Emperor worship temple 3PMW 2020-079 by Kenneth L. Gentry, Jr.

In this third entry in an 8-part series I am arguing that the Jewish Temple in the first-century effectively functioned as tool of emperor worship, when understood spiritually.

The temple authorities, including especially the high priests, were irrevocably corrupt long before the Jewish War. Indeed, the high priest in Jesus’ day was Anna, of whom Brown (Jn 1:121) notes: “the corruption of the priestly house of Annas was notorious.” According to Josephus: “The principal high-priestly families, with their hired gangs of thugs, not only were feuding among themselves, but had become predatory, seizing by force from the threshing floors the tithes intended for the ordinary priests” (Ant.. 20.180, 206-7). The Babylonian Talmud laments: “Woe is me because of the house of Boethus; woe is me because of their staves! . . . Woe is me because of the house of Ishmael the son of Phabi; woe is me because of their fists! For they are High Priests . . . and their servants beat the people with staves” (Pesah. 57a). “Starting by about 58 or 59, the high priests began surrounding themselves with gangs of ruffians, who would abuse the common priests and general populace” (Horsley HP 45). In fact, “the high priests and royalists actually contributed to the breakdown of social order through their own aggressive, even violent, predatory actions” (Horsley HP 24).

Completely frustrated at the high priests’ continuing collaboration with the Romans, “a group of sages/teachers called Sicarii or ‘Daggermen’ turned to assassinating key high-priestly figures (B.J. 2.254-57). . . . The population of Jerusalem was as dependent on the Temple-high-priesthood system as the high-priestly aristocracy was on their Roman sponsors” (Horsley, Galilee 73-74). In fact, “when the Roman troops under Cestius finally came to retake control of Jerusalem . . . the priestly aristocracy attempted to open the gates to them . . . (November 66; B.J. 2.517-55)” (Horsley, Galilee 74).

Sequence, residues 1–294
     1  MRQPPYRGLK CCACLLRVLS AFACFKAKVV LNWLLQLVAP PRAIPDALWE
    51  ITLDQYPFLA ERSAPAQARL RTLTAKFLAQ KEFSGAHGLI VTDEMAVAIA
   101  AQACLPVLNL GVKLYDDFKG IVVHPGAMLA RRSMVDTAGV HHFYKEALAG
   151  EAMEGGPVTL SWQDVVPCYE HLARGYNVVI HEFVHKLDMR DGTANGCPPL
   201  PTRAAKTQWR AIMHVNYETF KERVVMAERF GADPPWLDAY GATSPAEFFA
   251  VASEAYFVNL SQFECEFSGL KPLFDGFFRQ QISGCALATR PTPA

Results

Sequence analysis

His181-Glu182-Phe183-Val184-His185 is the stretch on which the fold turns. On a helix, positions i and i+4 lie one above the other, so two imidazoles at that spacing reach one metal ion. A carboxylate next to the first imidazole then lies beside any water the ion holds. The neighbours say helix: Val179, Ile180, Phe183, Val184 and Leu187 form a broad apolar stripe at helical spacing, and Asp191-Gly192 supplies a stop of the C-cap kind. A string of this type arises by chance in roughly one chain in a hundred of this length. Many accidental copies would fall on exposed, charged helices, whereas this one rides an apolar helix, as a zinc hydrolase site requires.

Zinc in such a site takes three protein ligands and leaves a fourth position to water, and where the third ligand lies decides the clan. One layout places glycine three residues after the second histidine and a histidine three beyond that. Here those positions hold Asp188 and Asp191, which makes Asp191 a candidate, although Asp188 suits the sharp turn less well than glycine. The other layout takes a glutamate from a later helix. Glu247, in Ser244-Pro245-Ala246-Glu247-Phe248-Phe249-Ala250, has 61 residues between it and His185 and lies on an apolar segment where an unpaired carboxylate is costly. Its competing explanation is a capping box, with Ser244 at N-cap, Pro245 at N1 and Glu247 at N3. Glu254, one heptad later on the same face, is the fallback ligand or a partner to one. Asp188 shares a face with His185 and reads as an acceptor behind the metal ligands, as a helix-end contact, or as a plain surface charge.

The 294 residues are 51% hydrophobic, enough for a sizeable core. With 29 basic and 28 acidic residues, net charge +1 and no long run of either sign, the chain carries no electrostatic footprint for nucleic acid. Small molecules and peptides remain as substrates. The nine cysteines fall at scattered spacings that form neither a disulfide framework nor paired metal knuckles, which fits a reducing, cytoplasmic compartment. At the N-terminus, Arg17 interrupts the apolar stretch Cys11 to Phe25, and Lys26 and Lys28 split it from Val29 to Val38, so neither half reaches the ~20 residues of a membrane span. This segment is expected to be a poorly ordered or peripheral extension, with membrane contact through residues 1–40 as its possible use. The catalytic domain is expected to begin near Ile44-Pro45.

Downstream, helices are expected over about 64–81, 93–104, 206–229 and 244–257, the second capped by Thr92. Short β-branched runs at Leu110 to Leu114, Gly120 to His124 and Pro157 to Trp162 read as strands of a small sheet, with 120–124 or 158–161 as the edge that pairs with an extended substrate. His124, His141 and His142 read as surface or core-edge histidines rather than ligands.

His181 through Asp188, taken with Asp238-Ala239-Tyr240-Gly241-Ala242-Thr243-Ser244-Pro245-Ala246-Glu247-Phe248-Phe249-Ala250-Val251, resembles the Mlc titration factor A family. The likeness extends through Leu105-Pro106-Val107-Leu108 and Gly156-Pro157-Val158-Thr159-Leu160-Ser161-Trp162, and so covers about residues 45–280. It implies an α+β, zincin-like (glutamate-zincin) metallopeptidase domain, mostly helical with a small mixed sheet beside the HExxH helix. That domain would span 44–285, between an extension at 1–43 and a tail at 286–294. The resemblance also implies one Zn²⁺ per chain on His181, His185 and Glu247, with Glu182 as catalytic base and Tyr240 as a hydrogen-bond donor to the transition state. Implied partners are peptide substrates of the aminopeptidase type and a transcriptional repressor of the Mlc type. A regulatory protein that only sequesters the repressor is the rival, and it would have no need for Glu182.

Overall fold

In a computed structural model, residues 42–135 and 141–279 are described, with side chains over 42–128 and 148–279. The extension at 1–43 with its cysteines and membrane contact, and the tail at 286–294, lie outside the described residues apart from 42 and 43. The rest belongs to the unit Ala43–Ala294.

God’s Law Made Easy (by Ken Gentry)

Summary for the case for the continuing relevance of God’s Law. A helpful summary of the argument from Greg L. Bahnsen’s Theonomy in Christian Ethics.

See more study materials at:

Jesus preaches against the temple’s degenerate condition when he mentions the death of the son of Berechiah who was “murdered between the temple and the altar” (Mt 23:35). When we last hear Christ publicly referring to the temple he calls it “your house” rather than God’s house (Mt 23:38). Then he declares it “desolate” and ceremoniously departs from it (Mt 23:38-24:1). And it “is extremely significant that the declaration of abandonment (v. 38) is preceded by the seven woes upon the religious hierarchy of Jerusalem (vv. 13-36)” (DeYoung, JNT 91). The Qumran community existed largely because of their disdain for the corruption of the temple.

During the interchange regarding his temple actions, Jesus refers to John Baptist who calls Israel to repentance (Mt 21:24-25). John calls the people out of Jerusalem into the wilderness to repent, thereby effecting a reverse exodus (Mt 3:1-5) — as if Jerusalem is now Egypt and must be left (cp. Rev 11:8; 18:4). And he turns down the religious leaders, the Pharisees and Sadducees, demanding that they bring forth fruit in keeping with repentance” instead of basking in their pride supposing “that you can say to yourselves, ‘We have Abraham for our father’; for I say to you, that God is able from these stones to raise up children to Abraham” (Mt 3:7-9). Christ even denounces Israel’s religious elite as “an evil and adulterous generation” (Mt 12:38-39).